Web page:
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The problem with resort website headlines.

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I’m perplexed. So perplexed my brow is deeply furrowed. It’s that serious.

A while back I blocked out a few minutes to brainstorm ideas for SlopeFillers posts. In an effort to spark inspiration, I watch one of the compilations of 100 ski resort websites I’ve made over the years.

You know those times you’re cooking and you can’t shake the feeling that something is missing? Something like, oh I dunno, baking powder in the biscuits (two weeks ago) or salt in the eggs (last week).

Halfway through staring at 100 resort landing pages I had the same itch.

So I watched it again. And again. On the third time it hit me. Here are a few headlines that helped me see it.

  • “Gift Cards Now Available in Our Online Store!” (0:08)
  • “Mountain Adventures Now Open!” (0:50)
  • “$599 Season Passes” (1:06)
  • “Mother’s Day Brunch” (1:23)
  • “Let’s Play: Early Bird $99 Golf Package Now Available” (1:37)
  • “Fly Fishing Season is Open” (1:48)
  • “VIP Direct to Slope Pass Only $669” (1:50)
  • “Summer Adrenaline Starts Rushing Memorial Day Weekend” (2:08)
  • “Learn to Ski and Add Your Friend for Free” (2:28)
  • “New for 2013: Preferred Golfer Card, Just $99 Before May 27th” (2:43)
  • “Spring House Memberships ON SALE NEW” (2:53)
  • “Summer Opens June 28, 2013” (3:03)

I could go on, but I won’t. Do you see what’s missing?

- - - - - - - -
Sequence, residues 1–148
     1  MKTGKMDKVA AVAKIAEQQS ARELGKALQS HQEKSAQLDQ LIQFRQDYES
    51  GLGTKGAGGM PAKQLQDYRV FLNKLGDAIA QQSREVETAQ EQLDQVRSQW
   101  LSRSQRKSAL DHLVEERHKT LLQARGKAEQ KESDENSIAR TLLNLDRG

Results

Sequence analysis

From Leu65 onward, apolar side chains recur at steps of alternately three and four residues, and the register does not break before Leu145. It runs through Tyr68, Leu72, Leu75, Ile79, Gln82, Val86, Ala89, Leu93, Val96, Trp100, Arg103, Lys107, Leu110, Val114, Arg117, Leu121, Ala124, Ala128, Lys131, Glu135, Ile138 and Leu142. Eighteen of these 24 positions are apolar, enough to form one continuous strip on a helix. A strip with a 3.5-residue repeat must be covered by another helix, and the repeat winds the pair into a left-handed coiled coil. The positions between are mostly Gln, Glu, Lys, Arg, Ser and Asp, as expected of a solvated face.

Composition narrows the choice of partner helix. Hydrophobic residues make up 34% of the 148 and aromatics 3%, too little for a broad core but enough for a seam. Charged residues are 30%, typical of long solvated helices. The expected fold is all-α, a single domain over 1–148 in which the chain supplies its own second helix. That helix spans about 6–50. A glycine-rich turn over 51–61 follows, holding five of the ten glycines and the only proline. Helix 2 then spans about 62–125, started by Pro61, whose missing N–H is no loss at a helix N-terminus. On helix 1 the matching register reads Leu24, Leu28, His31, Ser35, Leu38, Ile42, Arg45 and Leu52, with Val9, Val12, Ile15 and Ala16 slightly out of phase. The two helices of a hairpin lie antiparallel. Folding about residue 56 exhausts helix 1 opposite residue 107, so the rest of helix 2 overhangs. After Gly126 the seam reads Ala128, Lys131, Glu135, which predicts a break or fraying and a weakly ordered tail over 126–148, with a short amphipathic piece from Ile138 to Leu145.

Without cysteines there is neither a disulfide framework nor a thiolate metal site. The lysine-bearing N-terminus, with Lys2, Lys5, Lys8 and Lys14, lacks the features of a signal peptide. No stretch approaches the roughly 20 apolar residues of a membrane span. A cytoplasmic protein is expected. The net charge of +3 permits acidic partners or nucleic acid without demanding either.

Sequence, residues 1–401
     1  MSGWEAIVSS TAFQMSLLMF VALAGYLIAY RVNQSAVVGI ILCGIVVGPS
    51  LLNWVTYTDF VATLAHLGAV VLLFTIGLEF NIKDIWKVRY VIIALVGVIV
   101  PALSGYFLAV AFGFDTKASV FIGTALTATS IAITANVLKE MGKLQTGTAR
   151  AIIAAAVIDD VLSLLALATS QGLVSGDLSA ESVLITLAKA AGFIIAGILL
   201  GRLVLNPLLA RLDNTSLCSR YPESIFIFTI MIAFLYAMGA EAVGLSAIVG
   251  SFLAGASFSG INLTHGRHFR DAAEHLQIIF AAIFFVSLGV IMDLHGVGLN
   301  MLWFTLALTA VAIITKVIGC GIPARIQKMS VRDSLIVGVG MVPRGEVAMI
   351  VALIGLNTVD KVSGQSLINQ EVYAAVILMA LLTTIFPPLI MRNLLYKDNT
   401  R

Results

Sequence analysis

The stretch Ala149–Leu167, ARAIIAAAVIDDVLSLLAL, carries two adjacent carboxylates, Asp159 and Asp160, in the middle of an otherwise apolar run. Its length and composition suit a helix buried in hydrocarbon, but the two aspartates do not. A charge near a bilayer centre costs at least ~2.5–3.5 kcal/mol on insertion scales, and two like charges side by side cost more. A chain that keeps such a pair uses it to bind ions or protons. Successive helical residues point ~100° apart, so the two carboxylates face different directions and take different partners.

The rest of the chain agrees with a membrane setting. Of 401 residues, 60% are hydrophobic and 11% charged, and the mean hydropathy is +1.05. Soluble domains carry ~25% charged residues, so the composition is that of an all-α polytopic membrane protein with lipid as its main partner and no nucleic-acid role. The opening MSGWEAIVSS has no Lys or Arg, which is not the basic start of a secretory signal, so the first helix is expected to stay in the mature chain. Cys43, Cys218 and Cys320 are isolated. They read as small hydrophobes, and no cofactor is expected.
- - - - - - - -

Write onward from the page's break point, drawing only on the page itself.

See It?
What’s missing is copy for people who ARE NOT already sold on your resort. Instead of selling the value behind an offer, these headlines seem to assume the visitor is already hook-line-and-sinker on your mountain and are simply telling them what to buy.

We’re telling them to book a vacation or join an email list without ever giving them a reason to do so.

Perhaps this is justified, right? Perhaps your brand is so well known that anyone who shows up is likely halfway down the funnel and just needs a place to stick their credit card?

Then again, maybe not.

Who We Lose
Here’s the thing. When we write a headline for people that are already sold, we lose people who aren’t. When we write for both, nobody is lost. Let me rewrite a couple of these headlines to show you what I mean:



Do we alienate loyalists by specifying a little bit of value behind the offer? No. If anything, we might remind them why they love us. Or…



Again, a small tweak doesn’t alienate those that already know why your course is worth spending $99 on, but it fills in the blanks for those that don’t.

The Surprise
What surprised me wasn’t that this trend existed. What surprised me was how ubiquitous it seemed to be.

The offers were appealing, but only if you were pre-sold. It seems a few simple tweaks could make these more appealing and more effective on a larger scale.

And, that said, keep in mind that this concept goes much deeper than just the headline.

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